More than a game: Social justice in women’s football

Chelsea's Sam Kerr of takes a knee in support of the Black Lives Matter movement on October 11, 2020. (Photo by Catherine Ivill/Getty Images)

The decision to cut funding in women’s football and cancel games in the women’s league is more than a question of investment in a game.

Professional men’s football games could continue, with little or no financial repercussions. But cutting funding and cancelling games has ripple effects to female footballers. Their voices are being silenced, their platforms lessened, and their talent devalued.

The pandemic has served as an incentive to highlight inequalities. In football, there are notable differences between professional female players and their male counterparts. This ranges from investment in the games to the treatment of players.

Meanwhile, as female players’ platforms gain prominence, so is the spotlight following them. Despite their growing audiences, female players have not taken this recognition for granted.

Women, football and social justice

The responsibility of the ‘female footballer’ to use their platform to represent, communicate and negotiate has never been more prominent. It is a privilege to play or engage in the game of football.

Lewes FC have raised awareness of this privilege. Their ‘Women’s Rights are Human Rights’ campaign commemorated the life of Sahar Khodayari with a special scarf.

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Sahar was an Iranian woman who set herself on fire, after she found out that she could face imprisonment. All because she went to a football match.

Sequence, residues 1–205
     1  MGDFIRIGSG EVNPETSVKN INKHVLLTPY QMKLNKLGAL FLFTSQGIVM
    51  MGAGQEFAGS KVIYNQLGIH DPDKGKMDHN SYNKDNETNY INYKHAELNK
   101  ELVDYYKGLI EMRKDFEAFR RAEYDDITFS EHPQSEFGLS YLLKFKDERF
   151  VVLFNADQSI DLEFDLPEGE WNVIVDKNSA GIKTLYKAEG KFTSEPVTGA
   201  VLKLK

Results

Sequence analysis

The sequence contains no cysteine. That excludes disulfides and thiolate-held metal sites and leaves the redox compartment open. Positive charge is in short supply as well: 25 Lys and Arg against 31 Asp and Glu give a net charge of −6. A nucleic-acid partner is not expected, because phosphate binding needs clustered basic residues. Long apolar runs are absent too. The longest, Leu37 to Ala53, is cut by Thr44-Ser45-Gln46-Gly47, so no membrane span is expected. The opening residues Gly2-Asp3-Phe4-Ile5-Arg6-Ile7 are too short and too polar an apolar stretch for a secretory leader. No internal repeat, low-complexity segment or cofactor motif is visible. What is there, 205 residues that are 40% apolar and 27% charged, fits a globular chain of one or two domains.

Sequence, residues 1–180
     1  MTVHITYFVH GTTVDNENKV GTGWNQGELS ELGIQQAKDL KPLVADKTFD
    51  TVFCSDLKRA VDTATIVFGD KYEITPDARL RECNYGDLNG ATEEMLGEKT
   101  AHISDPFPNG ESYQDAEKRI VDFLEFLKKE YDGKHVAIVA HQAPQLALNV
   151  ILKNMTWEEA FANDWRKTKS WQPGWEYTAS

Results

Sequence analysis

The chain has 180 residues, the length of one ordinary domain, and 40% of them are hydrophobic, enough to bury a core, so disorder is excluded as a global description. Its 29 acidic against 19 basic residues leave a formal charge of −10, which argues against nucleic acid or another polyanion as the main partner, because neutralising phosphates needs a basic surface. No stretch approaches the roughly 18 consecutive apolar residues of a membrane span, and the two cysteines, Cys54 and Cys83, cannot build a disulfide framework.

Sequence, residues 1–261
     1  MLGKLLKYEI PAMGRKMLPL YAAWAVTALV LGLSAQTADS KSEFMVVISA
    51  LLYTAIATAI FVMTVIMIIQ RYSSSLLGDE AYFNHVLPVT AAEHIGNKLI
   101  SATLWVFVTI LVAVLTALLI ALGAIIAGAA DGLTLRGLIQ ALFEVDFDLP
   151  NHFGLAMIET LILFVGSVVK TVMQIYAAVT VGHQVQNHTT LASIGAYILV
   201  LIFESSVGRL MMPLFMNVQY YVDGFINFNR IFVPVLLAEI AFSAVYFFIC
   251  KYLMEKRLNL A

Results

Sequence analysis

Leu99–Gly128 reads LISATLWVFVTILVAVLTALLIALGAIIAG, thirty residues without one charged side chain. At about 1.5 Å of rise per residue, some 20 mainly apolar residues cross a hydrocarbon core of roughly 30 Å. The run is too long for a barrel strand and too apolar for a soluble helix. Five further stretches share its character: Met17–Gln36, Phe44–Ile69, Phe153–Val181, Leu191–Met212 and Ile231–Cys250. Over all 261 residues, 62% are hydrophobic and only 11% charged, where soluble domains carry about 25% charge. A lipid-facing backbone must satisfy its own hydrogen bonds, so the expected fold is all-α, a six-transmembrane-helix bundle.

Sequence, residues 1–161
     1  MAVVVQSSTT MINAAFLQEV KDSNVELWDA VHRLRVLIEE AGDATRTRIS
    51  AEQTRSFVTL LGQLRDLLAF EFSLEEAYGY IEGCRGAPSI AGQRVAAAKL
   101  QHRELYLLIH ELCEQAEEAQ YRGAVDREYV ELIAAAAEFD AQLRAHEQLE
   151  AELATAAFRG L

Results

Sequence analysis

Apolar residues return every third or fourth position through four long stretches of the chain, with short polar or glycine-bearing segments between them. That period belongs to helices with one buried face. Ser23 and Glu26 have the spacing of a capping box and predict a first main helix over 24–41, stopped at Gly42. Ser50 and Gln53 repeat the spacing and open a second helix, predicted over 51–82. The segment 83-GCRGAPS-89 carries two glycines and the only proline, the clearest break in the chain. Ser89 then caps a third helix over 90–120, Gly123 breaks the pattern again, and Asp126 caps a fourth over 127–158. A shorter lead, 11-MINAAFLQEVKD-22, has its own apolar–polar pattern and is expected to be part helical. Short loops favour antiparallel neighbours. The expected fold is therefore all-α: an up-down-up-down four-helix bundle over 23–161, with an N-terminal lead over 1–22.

The practice of sport diplomacy is more visible and important than ever before. This holds true especially in women’s football.

The solidarity for the Black Lives Matter movement shown by female footballers globally is a prime example.

On the pitch, players are seen as just that, players. Yet off the pitch, the level of the playing field is questionable. Acknowledging this trend, before their games, female footballers globally took the knee in protest of racial injustice.

A beautiful video made by OL Reign in June 2020, demonstrated NWSL players using their platform. They displayed their alliance to their teammates, audiences, and associations through the sport.

Female footballers united globally to support the notion that these injustices will not infiltrate the game that they passionately play.

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